Sunday, May 31, 2009

One Year Ago Today: Elm Trees

One year ago today, the Chinese elm trees on our side street were green and growing. They were cut down last fall, an act of our small town that made me sad for weeks every time I looked out the door. They will grow back as bushes, from the stumps, but may never be the same.

Saturday, May 30, 2009

Springtime in the Egan Range

This is what spring looks like, in a good year, in what some call the "high desert," above 6400 feet in eastern Nevada. (I've heard the term "high desert" applied to Barstow, CA, at below 3000 feet elevation, so I'm quite leery of using it.)

This winter wasn't particularly cold, nor was it particularly wet. The monsoon, however, moved into the area a little early, in May rather than in June or July, and April's official rainfall was above average. I won't get into the technicalities of whether eastern Nevada qualifies as arid or semi-arid, though back when I went to school in the Paleocene, I was taught that much of Nevada is semi-arid steppe rather than arid desert.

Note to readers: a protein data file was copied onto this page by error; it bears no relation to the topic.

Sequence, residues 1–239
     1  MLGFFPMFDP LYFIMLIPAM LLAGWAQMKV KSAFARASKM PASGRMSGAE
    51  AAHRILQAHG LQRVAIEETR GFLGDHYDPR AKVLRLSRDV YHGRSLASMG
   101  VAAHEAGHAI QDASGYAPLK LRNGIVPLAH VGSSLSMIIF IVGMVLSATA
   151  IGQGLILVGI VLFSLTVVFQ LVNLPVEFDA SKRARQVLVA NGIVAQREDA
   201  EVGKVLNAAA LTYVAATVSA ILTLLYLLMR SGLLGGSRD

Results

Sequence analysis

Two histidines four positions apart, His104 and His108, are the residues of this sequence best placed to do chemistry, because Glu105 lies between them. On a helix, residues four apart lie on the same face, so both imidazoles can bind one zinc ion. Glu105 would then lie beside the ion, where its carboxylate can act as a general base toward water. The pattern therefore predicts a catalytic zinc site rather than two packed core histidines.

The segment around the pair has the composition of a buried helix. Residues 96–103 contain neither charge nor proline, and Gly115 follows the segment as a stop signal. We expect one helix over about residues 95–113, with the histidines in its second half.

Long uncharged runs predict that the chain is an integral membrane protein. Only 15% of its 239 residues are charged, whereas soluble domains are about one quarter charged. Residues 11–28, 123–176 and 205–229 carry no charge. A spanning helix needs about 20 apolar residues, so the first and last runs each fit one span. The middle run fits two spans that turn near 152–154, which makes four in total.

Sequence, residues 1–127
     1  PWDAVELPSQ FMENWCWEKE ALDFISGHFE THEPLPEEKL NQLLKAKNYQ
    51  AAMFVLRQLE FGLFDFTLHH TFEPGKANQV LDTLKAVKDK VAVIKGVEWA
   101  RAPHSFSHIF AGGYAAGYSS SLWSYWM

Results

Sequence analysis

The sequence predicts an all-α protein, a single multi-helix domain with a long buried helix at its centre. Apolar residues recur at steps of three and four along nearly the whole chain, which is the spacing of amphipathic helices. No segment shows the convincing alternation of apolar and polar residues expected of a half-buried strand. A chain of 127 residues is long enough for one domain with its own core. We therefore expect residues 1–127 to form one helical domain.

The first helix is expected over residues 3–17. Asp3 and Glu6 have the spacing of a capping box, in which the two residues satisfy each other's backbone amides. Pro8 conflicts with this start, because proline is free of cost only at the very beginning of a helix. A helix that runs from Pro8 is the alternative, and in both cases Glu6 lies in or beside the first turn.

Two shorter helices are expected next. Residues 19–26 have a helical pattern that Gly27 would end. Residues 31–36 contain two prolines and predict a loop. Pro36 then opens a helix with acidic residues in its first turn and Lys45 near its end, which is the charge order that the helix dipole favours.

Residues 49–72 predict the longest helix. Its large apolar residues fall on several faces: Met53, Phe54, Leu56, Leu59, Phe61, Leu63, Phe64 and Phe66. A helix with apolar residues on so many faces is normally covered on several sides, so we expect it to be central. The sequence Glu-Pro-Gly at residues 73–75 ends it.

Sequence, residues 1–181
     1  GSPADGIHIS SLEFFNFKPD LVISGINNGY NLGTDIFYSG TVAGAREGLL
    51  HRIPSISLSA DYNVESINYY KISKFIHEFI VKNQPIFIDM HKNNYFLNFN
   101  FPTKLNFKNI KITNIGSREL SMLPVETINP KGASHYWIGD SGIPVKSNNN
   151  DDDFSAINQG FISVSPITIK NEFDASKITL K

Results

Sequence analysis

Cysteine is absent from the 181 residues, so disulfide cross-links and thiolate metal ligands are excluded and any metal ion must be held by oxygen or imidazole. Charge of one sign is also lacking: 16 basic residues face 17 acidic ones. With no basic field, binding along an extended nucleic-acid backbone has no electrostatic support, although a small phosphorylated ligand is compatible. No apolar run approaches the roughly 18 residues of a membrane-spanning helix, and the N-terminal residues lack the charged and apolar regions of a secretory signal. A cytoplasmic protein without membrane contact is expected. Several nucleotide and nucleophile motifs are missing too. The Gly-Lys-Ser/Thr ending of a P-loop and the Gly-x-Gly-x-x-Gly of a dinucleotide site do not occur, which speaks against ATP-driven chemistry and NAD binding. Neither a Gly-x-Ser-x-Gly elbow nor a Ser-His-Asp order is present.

Looking south towards Hercules Gap. The dark things in the background and into the mountains are piñon pine and juniper trees.
Orange, yellow, and minor red Indian paintbrush, and many other kinds of wildflowers.
Lupine, of the purple-yellow variety, with mountain mahogany bushes.
Lupine just east of Piscovitch Summit.
Looking west towards the Butte Mountains.
An old cabin.
Looking northeast, down a side road, back towards the Eagan Range.
Flowers!
These pictures were all taken on May 29 in the Egan Range of eastern Nevada. All photos were taken between about 6400 and 7600 feet in elevation, from Hercules Gap to Piscevitch Summit to the junction of Thirty Mile with Highway 50.

This post is a submission to the Carnival of the Arid #5, which is hosted at Coyote Crossing by Chris Clarke.


UPDATE: For other views of the Great Basin Desert in spring to summer, see these two June posts from Wheeler Peak: Wheeler Peak Photos Sets, Spring and Summer 2006-2009 and Friday Field Photos: Tarn It! The elevation is higher, spring comes later, and summer is relatively short.

Friday, May 29, 2009

Field Trip Day 2: Pinson Pit Overview